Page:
ou've got questions—we've got answers! Here's how it works—each week, our Community Manager will scour all available sources to find whatever questions you're asking. We'll pick three of them for R&D to answer, whether about the making of the game or anything else you care to know about... with some caveats.
There are certain business and legal questions we can't answer (for business and legal reasons). And if you have a specific rules question, we'd rather point you to Customer Service, where representatives are ready and waiting to help guide you through the rules of the game. That said, our goal is provide you with as much information we can—in this and other venues.
What are the benchmarks for fighters at each tier, compared to the spellcasting guidelines used in Wandering Monsters?
While James Wyatt discussed spellcasting in his latest Wandering Monsters, the other classes have similar breakpoints. For fighters, 5th and 11th levels represent the point at which you get a second and third attack respectively. While extra attacks may seem relatively simple to hang an entire tier on, they represent not only an increase in damage output, but also in versatility; more attacks means more chances to hit, more chances to fire off a combat maneuver, the ability to attack multiple foes, more chances for critical hits, and the ability to perform special attacks (like shoving someone down or grappling) as a part of your combat round.
As you reach the 11th level tier, we also start giving out more abilities to shrug off spells and other effects, which then expand from there across the levels. Above 11th level is where we start including mechanics designed to increase fighter survivability and the ability to cheat death; when you reach 18th level as a fighter, we want you to feel like you can stand in front of the dragon in defiance with the ability to live through whatever the dragon throws at you.
How would you handle running a business in D&D Next? Is this something handled with the downtime mechanics?
The most basic version will be handled by our guidelines for what happens between adventures (what you refer to in the question as “downtime mechanics”). These basic guidelines will provide a simple version that’s enough to say, “I own a tavern,” or “I work as a blacksmith,” between adventures without getting into a lot of minutiae about how running the business works. Elsewhere, we plan to expand on these guidelines for dealing with an organization, which could be anything from a trade consortium to a thieves’ guild, to an army, and include not just your ability to administrate your organization, but also what you can do with it.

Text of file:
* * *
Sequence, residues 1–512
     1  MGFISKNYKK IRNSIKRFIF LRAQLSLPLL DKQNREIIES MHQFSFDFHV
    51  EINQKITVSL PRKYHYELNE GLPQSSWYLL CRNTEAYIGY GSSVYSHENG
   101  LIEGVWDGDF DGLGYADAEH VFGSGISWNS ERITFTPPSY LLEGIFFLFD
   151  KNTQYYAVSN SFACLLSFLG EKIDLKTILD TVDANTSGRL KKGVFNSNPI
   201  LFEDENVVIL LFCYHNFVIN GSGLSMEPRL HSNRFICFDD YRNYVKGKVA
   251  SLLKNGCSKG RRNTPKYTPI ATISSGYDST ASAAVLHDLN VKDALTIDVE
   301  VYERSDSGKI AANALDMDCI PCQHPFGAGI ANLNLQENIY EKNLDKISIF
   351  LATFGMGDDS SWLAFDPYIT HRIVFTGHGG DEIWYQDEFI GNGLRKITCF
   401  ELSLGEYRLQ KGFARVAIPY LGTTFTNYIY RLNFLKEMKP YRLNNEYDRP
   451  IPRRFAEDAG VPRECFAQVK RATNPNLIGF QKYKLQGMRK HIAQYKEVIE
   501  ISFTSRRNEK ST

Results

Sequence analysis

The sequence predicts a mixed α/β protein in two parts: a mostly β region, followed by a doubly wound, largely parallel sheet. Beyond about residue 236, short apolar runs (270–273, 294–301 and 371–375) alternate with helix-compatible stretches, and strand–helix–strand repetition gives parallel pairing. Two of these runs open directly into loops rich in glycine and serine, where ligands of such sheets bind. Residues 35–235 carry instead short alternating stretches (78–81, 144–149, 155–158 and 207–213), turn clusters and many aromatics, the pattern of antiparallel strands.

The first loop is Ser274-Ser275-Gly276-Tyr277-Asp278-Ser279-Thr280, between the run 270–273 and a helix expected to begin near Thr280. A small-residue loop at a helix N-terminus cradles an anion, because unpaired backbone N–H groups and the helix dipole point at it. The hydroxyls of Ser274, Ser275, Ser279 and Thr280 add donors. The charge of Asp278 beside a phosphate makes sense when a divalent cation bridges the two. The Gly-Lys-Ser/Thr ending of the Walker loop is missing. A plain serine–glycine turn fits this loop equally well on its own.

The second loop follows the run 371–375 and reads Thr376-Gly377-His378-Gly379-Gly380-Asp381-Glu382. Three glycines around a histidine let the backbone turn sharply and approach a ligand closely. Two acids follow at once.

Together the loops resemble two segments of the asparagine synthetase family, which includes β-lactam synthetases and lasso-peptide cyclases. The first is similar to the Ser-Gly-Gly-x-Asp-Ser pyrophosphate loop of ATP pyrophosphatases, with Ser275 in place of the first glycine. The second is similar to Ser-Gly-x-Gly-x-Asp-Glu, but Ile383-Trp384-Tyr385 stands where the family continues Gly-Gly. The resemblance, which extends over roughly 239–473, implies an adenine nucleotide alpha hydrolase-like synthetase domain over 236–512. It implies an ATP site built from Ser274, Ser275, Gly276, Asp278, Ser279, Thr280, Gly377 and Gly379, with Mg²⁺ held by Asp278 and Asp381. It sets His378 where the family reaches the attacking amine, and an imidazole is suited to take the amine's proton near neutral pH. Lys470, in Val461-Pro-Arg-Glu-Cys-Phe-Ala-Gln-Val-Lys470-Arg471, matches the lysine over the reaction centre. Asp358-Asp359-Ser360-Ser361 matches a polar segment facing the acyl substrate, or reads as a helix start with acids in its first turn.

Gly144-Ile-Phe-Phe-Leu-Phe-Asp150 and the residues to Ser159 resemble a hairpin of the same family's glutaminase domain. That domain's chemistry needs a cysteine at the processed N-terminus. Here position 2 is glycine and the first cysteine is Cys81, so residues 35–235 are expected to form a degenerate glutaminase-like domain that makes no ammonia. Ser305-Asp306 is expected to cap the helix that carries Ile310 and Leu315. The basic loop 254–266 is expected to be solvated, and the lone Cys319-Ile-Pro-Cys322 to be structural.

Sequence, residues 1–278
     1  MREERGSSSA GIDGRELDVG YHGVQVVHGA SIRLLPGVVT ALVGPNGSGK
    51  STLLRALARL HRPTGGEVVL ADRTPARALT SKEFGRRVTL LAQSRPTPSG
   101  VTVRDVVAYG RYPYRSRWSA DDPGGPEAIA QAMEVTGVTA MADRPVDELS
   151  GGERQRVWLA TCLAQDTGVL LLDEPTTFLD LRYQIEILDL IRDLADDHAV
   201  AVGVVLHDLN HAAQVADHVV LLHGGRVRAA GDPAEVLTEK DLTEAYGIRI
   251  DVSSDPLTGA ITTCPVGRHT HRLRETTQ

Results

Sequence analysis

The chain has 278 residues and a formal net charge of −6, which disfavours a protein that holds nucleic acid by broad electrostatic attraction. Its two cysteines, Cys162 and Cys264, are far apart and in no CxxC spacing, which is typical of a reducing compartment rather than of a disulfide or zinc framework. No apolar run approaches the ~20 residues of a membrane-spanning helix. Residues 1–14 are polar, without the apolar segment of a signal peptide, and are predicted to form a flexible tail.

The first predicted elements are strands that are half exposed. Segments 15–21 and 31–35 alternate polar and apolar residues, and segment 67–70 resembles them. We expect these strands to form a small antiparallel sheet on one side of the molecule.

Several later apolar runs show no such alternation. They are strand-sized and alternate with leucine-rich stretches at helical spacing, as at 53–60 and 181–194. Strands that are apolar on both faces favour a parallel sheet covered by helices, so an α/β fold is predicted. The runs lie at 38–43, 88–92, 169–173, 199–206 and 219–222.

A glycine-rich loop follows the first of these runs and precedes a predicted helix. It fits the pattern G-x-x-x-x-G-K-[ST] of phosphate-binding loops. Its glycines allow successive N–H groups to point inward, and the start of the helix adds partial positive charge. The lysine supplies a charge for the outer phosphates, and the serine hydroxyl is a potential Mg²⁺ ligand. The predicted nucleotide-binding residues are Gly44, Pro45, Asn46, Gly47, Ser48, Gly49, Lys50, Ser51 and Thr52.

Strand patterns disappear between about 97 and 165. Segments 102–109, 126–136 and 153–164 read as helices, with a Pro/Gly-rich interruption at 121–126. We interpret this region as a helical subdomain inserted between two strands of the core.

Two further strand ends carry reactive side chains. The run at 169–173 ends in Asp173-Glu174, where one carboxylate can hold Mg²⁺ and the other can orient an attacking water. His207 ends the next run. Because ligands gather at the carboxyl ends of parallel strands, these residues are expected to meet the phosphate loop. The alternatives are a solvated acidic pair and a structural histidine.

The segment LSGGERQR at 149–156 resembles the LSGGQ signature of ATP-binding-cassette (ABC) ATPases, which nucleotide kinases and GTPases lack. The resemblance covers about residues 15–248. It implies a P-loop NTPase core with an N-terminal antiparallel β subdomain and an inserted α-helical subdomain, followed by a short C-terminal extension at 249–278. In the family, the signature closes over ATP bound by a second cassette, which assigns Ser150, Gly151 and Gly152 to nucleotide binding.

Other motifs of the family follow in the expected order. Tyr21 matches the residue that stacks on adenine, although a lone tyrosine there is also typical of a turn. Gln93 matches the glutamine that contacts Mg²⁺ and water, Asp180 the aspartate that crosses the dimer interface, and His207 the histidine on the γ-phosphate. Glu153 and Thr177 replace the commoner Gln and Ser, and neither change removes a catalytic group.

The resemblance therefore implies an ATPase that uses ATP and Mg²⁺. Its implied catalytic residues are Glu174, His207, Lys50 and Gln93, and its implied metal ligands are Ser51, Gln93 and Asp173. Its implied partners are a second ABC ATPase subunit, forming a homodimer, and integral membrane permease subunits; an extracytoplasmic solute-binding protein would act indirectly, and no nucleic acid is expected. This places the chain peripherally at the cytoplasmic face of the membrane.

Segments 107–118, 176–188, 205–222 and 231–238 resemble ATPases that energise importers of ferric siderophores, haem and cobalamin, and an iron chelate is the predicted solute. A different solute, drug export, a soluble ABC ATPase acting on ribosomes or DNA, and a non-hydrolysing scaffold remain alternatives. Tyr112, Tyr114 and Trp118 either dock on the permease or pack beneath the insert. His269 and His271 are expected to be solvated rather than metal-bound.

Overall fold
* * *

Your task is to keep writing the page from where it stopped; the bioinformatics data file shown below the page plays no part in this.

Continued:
Is 20 the hard cap on maximum ability score or can magic push it higher?
Magic (especially magic items) can increase a character’s ability scores above 20. We simply use 20 as the cap for natural, non-magical ability scores. Additionally, other character features (for example, a class feature) could allow an ability score to exceed this cap.
How can I submit a question to the D&D Next Q&A?
Instead of a single venue to submit questions, our Community Manager will be selecting questions from our message boards, Twitter feed, and Facebook account. You can also submit questions directly to email@example.com. So, if you'd like to have your question answered in the D&D Next Q&A, just continue to participate in our online community—and we may select yours!
Rodney Thompson began freelancing in the RPG industry in 2001 before graduating from the University of Tennessee. In 2007 he joined the Wizards of the Coast staff as the lead designer and developer for the new Star Wars RPG product line. Rodney is the co-designer of Lords of Waterdeep and is currently a designer for Dungeons & Dragons.